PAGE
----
While it’s hard to imagine a time when official Girl Scout cookies didn’t exist, it was the ingenuity of the Mistletoe Troop in Muskogee, Okla. that unofficially prompted a way to finance troop activities in 1917 by baking and selling cookies in their high school cafeteria as a service project. Although it was just five years after Juliette Gordon Low started Girl Scouts in the U.S., the troop had clearly learned the importance of self-sufficiency and fundraising from their leader.
A few years later, Florence E. Neil, a local director in Chicago, Ill., had her council distributed cookie recipe printed in The American Girl Magazine, a Girl Scouts publication. “She estimated the approximate cost of ingredients for six- to seven-dozen cookies to be 26 to 36 cents. The cookies, she suggested, could be sold by troops for 25 or 30 cents per dozen,” said Girl Scouts of America.
Throughout the next decade, the cookie business remained steady as Girl Scouts across the country continued to bake their own simple sugar cookies with help from their mothers and the community. The cookies were packaged in wax paper bags, sealed with a sticker, and sold door to door for 25 to 35 cents per dozen.
In 1936, the national Girl Scout organization began the process of licensing the first commercial bakers to produce cookies that would be sold nationwide by girls in Girl Scout councils. By the following year, more than 125 Girl Scout councils reported holding cookie sales. In 1951, Girl Scout Cookies came in three varieties: Sandwich, Shortbread, and Chocolate Mints (now known as Thin Mints). Then, with the advent of the suburbs, girls, including Daisies, set up at tables in shopping malls and began selling Girl Scout Cookies.
Last year, more than 3.3 million packages of cookies were sold by more than 15,000 Girl Scouts in the 32 counties that GSNETX serves, and more than 99,000 packages were donated to the military through the Troop to Troop program.
Over the years, multiple companies have supplied the cookies but today there are only two commercial bakers licensed by Girl Scouts of the USA to bake cookies. Supplying Northeast Texas is Little Brownie Bakers, a company that has been baking the cookies since 1973. While flavors may have changed, you won’t find any partially hydrogenated oils or high fructose corn syrup in the cookies. Vegans can enjoy Thin Mints and those on gluten-free diets can enjoy the Toffee-Tastic cookies.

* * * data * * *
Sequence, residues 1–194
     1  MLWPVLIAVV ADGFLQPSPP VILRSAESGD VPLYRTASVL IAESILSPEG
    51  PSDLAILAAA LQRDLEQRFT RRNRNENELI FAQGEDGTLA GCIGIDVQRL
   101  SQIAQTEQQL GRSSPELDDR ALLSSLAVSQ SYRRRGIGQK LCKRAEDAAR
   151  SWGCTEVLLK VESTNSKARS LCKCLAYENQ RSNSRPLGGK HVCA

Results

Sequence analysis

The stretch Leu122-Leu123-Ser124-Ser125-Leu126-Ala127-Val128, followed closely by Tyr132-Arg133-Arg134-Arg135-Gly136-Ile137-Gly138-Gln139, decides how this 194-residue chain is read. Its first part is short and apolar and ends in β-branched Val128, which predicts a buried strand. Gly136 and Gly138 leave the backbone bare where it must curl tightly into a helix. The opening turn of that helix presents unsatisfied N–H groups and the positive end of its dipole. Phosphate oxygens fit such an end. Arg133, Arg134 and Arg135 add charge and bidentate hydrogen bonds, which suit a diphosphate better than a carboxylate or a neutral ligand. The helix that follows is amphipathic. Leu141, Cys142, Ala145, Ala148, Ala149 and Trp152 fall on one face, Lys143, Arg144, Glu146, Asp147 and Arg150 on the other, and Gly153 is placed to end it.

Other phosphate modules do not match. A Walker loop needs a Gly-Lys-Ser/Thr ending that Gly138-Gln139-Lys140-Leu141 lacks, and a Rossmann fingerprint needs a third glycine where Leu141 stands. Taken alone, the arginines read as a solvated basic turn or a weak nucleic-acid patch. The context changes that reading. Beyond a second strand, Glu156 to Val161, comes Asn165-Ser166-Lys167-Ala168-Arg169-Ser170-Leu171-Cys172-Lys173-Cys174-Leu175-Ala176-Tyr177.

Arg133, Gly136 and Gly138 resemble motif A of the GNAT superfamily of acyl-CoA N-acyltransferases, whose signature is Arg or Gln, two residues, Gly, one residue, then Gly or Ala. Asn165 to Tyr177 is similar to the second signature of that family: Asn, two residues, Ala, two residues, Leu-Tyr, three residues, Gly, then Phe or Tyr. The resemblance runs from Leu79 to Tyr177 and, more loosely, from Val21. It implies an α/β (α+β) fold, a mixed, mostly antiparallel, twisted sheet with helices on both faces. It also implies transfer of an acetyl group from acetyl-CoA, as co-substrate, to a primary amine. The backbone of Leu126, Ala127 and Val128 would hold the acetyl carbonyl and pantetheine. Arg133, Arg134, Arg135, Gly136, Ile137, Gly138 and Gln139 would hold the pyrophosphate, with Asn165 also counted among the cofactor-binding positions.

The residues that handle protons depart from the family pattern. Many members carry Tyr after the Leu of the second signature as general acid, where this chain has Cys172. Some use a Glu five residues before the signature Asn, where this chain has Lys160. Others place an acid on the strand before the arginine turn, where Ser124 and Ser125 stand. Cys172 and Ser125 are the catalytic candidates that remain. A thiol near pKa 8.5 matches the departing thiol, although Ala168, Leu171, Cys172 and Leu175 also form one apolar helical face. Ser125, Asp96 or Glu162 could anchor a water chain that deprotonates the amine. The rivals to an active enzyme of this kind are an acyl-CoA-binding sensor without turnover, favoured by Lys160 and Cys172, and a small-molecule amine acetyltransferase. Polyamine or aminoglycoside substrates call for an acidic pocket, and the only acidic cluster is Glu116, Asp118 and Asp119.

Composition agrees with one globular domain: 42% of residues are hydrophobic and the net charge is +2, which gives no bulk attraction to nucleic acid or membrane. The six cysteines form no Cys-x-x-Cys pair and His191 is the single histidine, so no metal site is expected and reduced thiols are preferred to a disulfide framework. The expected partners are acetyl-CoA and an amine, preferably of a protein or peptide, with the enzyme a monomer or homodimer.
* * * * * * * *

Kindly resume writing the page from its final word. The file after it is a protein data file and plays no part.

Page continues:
In prime cookie season, over 4.9 million of the famed Thin Mints are made per day. Equally staggering at Little Brownie Bakers is the 750,000 pounds of flour, 260,000 pounds of shortening, 37,000 pounds of cocoa, 385,000 pounds of chocolate coating, 438,000 pounds of sugar, 145,000 pounds of peanut butter and 75,000 pounds of coconut used during weekly peak production.
Scouts lead North Texas
Girl Scouts have been in the area since 1920, starting with two troops of girls. The Dallas Council was chartered in 1924. In the same year, two people donated land – 13 acres and 20 acres – for a camp in Southwest Dallas. In the 30s, the Scouts added more acreage, and in 1950 they renamed the property to Camp Whispering Cedars. The Dallas and Fort Worth Councils combined in the 60s to form the Tejas Council. The property endured numerous additions and renovations over the years, and in 2007, the Tejas Council, Cross Timbers Council and Red River Council merged to become Girl Scouts of Northeast Texas.
Nine years ago, it was determined that the Camp Whispering Cedars property was no longer viable as it was. Around the same time, Texas Instruments realized there wouldn’t be enough women to enter the STEM pipeline by 2020 so they broached the topic with GSNETX. As a result of the meeting, the idea for The STEM Center of Excellence was born.